By Sergio Goncalves and Catarina Demony
LISBON (Reuters) – Portugal’s ruling Socialists (PS) won Sunday’s parliamentary election but fell short of an outright majority, meaning Prime Minister Antonio Costa will need to negotiate a new deal with one or both of his far-left allies in the previous legislature.
“It’s clear from this election that the PS is reinforced and the allied parties consolidated their positions,” Costa told supporters chanting “Victory! Victory”.
“The Portuguese liked our arrangement. It would be desirable to renew it, but it does not depend on us. Our firm will is to negotiate,” he said.
“We will see if it’s possible. It is essential for the country’s international credibility, to give confidence to investors,” Costa said, adding that he also meant to negotiate with the upstart People-Animals-Nature party (PAN) party.
Negotiations are not expected to be as messy or as long as in neighbouring Spain, which still has no government more than five months after elections and is heading for a repeat vote in November.
Costa has benefited from an economy that is growing more than the EU average, helped by increased exports and a booming tourism industry that last year saw visitors outnumber Portugal’s inhabitants.
Leaders of the Left Bloc and the Communists, which have backed Costa since the last election in 2015, both said they had no objections to him being nominated as premier and were open to negotiate if the Socialists committed to improving the lives of workers.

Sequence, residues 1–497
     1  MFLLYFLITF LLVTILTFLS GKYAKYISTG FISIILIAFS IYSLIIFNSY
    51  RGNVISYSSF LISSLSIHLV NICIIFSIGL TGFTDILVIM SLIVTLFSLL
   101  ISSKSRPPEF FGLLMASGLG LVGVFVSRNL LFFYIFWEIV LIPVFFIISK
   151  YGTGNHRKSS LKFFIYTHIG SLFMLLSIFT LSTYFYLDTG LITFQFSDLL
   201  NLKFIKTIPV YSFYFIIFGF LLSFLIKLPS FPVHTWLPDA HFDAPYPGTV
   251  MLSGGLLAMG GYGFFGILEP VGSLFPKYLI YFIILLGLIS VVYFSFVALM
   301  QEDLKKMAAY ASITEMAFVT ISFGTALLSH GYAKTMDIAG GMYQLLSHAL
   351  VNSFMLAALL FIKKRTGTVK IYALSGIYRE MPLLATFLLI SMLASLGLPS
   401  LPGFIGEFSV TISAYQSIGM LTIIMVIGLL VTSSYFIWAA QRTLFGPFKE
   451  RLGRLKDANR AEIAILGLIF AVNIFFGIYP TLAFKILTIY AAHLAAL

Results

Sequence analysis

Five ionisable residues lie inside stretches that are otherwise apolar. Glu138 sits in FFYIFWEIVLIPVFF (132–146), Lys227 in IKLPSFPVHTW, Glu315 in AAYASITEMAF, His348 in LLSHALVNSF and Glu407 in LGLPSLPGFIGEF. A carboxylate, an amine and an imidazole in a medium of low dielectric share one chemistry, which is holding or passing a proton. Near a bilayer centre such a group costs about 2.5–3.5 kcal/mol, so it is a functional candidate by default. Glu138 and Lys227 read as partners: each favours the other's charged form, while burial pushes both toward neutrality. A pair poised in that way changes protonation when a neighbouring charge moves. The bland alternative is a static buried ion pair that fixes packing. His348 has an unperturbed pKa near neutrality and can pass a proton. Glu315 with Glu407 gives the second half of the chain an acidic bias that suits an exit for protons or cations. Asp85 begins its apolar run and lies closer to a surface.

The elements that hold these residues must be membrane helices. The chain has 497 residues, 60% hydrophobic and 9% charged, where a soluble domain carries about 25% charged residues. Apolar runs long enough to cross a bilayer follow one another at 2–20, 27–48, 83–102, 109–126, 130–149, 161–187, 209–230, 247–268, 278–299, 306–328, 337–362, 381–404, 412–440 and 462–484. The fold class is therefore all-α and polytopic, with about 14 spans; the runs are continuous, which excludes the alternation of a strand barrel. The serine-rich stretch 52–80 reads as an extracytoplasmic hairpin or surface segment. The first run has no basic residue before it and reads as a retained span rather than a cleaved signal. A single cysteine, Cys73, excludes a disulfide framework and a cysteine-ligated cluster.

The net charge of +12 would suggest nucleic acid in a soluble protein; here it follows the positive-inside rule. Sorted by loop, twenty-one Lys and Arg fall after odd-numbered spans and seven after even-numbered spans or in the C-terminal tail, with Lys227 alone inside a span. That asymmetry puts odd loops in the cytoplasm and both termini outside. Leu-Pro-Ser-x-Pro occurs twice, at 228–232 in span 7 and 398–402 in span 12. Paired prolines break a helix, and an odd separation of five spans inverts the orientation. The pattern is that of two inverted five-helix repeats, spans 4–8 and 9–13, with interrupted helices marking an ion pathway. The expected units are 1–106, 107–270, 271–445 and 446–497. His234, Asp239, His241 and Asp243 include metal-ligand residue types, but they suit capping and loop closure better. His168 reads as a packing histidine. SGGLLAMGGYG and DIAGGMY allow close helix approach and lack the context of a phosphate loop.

“There is no obstacle for the president to appoint the prime minister and for the government to be formed and start working,” said Communist leader Jeronimo de Souza. “We will determine our position depending on the PS’ choices, on its budget instruments and the content of its legislative proposals.”
With most of the votes counted, the Socialists led with 106 seats. This meant they were first but, with only four seats still not accounted for, they cannot reach the full majority of 116 seats in the 230-seat assembly.
The main opposition Social Democrats (PSD) won 28% of the votes and at least 77 seats, according to preliminary results.
At the PS election rally, supporters stood up cheering as the exit polls were published.
While the total number of seats wasn’t yet known, it would in any case give them more seats than in the last election, in 2015, when they won 86.
“We got stronger from this election and we will be able to continue with our policies,” said 25-year-old supporter Miguel Matos.
In 2015, it took less than two months for Costa, whose party had come in second behind the PSD, to strike an unexpected alliance with two far-left, Eurosceptic parties and be sworn in as prime minister.
PAN attracted more votes than in the previous election, riding a wave of popularity among pro-environment parties in much of Europe to land at least four seats.
“It’s a very good result. I still wish it was more, because the country needs to move quickly to tackle the climate emergency,” PAN supporter Paulo Santos, 43, said at the party’s evening rally.
The election already claimed its first political victim. Assuncao Cristas, the leader of the rightist CDS-PP party, who announced her resignation after its record low result.
(Reporting by Andrei Khalip, Sergio Goncalves, Catarina Demony, and Victoria Waldersee; Writing by Ingrid Melander and Andrei Khalip; Editing by Frances Kerry, Peter Cooney and Richard Borsuk)